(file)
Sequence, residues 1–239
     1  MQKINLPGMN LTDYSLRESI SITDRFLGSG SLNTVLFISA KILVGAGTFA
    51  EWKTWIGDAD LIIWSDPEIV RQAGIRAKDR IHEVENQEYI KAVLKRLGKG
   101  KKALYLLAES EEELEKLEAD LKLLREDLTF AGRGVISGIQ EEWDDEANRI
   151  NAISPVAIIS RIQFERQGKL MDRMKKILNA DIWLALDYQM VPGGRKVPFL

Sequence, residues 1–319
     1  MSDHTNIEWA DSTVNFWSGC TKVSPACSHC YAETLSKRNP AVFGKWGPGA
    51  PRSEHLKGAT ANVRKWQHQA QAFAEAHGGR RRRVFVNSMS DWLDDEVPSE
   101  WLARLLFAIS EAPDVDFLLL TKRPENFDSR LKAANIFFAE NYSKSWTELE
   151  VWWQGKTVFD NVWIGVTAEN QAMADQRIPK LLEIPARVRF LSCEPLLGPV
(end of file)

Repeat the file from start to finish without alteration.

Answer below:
Sequence, residues 1–239
     1  MQKINLPGMN LTDYSLRESI SITDRFLGSG SLNTVLFISA KILVGAGTFA
    51  EWKTWIGDAD LIIWSDPEIV RQAGIRAKDR IHEVENQEYI KAVLKRLGKG
   101  KKALYLLAES EEELEKLEAD LKLLREDLTF AGRGVISGIQ EEWDDEANRI
   151  NAISPVAIIS RIQFERQGKL MDRMKKILNA DIWLALDYQM VPGGRKVPFL

Sequence, residues 1–319
     1  MSDHTNIEWA DSTVNFWSGC TKVSPACSHC YAETLSKRNP AVFGKWGPGA
    51  PRSEHLKGAT ANVRKWQHQA QAFAEAHGGR RRRVFVNSMS DWLDDEVPSE
   101  WLARLLFAIS EAPDVDFLLL TKRPENFDSR LKAANIFFAE NYSKSWTELE
   151  VWWQGKTVFD NVWIGVTAEN QAMADQRIPK LLEIPARVRF LSCEPLLGPV